ARON trial protocol & Informed consent
Background: Most antibiotics are prescribed in outpatient care. Children in particular are at high risk to get an inappropriate antibiotic prescription. The introduction of better diagnostics, such as rapid tests for C-reactive protein (CRP), can improve the management of acutely ill children in ambulant care.
Research question: What is the (cost-)effectiveness of a diagnostic algorithm including a CRP rapid test and safety netting advice on the antibiotic prescription rate and further clinical decision making in acutely ill children from 6 months to 12 years old presenting to primary care?
Intervention: CRP rapid test in children with a higher risk of serious infection, according to a validated clinical decision tree, and safety netting advice.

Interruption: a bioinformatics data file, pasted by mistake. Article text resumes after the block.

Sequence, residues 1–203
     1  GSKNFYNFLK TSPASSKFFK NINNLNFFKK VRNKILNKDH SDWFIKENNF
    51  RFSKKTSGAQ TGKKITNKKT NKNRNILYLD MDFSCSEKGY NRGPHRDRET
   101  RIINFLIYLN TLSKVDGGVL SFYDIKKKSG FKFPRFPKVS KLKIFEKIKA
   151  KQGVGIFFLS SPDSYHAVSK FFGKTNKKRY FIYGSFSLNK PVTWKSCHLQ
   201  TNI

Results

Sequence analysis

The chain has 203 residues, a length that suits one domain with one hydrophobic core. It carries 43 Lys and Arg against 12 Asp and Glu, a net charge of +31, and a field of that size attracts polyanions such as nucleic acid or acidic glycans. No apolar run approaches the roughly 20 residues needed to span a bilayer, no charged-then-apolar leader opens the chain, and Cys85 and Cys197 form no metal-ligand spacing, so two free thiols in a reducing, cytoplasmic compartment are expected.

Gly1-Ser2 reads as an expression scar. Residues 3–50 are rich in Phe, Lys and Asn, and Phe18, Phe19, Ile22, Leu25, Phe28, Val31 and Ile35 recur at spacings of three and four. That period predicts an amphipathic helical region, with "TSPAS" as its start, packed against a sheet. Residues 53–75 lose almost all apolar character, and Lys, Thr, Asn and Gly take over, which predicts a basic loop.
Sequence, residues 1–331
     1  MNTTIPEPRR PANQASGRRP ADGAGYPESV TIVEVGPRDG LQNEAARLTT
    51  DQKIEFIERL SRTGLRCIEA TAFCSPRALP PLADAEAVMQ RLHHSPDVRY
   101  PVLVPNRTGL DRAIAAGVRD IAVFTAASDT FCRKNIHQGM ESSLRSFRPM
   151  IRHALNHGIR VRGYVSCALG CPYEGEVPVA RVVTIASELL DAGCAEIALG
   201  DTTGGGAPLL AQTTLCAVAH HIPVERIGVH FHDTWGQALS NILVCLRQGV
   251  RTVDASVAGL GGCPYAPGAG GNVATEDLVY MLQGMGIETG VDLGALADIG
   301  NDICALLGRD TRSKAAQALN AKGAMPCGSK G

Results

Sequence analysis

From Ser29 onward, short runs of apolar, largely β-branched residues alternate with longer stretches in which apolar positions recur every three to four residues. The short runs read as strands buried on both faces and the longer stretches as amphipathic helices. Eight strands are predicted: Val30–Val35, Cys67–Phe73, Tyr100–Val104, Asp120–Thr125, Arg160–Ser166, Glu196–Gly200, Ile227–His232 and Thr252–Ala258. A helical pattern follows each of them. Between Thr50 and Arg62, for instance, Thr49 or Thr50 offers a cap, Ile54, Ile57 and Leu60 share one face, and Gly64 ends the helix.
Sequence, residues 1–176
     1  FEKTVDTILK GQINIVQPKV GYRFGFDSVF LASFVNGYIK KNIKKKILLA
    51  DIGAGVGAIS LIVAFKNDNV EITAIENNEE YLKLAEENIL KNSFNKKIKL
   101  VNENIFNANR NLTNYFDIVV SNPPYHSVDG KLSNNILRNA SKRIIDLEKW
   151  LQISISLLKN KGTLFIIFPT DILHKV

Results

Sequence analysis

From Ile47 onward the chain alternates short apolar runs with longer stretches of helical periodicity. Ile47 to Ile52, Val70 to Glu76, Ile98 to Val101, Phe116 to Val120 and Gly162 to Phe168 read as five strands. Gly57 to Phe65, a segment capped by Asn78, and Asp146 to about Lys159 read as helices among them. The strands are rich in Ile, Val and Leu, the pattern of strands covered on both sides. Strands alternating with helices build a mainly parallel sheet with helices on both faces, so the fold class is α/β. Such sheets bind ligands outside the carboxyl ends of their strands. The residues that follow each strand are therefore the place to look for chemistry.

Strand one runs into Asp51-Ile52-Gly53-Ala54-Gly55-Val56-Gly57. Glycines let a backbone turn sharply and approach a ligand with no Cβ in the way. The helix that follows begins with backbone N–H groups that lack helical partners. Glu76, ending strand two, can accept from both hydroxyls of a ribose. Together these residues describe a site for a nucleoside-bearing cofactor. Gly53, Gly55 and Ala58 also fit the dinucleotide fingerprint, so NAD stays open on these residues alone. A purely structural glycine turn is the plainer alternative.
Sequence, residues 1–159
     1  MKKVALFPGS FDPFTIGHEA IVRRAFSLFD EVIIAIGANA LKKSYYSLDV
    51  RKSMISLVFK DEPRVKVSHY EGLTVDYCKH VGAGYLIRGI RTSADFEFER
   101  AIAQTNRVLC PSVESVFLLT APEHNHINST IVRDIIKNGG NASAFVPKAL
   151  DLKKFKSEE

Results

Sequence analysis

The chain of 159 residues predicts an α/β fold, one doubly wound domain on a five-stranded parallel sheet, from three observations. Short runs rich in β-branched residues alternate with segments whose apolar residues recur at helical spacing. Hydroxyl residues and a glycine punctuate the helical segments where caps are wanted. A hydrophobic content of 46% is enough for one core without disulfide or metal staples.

Outcome: The primary outcome measure is antibiotic prescribing during the first consultation at the medical practice.
Method: Demographic and clinical data will be recorded during the first consultation. For 30 days (or until the child is cured), we ask the parents to record symptoms, the use of medication and medical services. On day 30, we will collect follow-up information from all children via the treating physician's electronic medical record, including repeat visits, hospitalization, treatment, and additional testing.
Data analysis: Mixed-effects logistic regression analysis will be used, taking into account clustering at the practical level, to analyse the primary outcome measure (antibiotic prescription rate) (intention-to-treat). In the cost-effectiveness analysis, incremental cost-effectiveness ratios will be calculated by dividing the estimated differences in costs by the effects found in terms of the primary outcome.
The detailed protocol can be found HERE.